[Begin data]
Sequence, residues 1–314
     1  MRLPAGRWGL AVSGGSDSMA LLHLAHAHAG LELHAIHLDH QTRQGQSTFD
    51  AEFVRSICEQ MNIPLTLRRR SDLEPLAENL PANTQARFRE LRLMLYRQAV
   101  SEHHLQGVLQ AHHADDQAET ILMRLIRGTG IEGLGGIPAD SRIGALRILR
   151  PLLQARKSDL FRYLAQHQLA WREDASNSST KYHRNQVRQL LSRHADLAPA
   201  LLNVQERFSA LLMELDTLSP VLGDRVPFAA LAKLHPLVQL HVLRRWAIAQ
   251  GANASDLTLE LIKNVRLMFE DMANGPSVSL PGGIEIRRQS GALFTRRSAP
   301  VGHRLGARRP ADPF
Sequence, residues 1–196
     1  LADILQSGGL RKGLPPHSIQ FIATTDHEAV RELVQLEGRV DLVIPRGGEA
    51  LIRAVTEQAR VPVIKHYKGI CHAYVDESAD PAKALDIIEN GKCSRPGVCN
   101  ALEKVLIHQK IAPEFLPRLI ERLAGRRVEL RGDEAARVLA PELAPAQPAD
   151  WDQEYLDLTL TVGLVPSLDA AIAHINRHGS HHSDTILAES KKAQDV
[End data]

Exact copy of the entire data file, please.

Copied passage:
Sequence, residues 1–314
     1  MRLPAGRWGL AVSGGSDSMA LLHLAHAHAG LELHAIHLDH QTRQGQSTFD
    51  AEFVRSICEQ MNIPLTLRRR SDLEPLAENL PANTQARFRE LRLMLYRQAV
   101  SEHHLQGVLQ AHHADDQAET ILMRLIRGTG IEGLGGIPAD SRIGALRILR
   151  PLLQARKSDL FRYLAQHQLA WREDASNSST KYHRNQVRQL LSRHADLAPA
   201  LLNVQERFSA LLMELDTLSP VLGDRVPFAA LAKLHPLVQL HVLRRWAIAQ
   251  GANASDLTLE LIKNVRLMFE DMANGPSVSL PGGIEIRRQS GALFTRRSAP
   301  VGHRLGARRP ADPF
Sequence, residues 1–196
     1  LADILQSGGL RKGLPPHSIQ FIATTDHEAV RELVQLEGRV DLVIPRGGEA
    51  LIRAVTEQAR VPVIKHYKGI CHAYVDESAD PAKALDIIEN GKCSRPGVCN
   101  ALEKVLIHQK IAPEFLPRLI ERLAGRRVEL RGDEAARVLA PELAPAQPAD
   151  WDQEYLDLTL TVGLVPSLDA AIAHINRHGS HHSDTILAES KKAQDV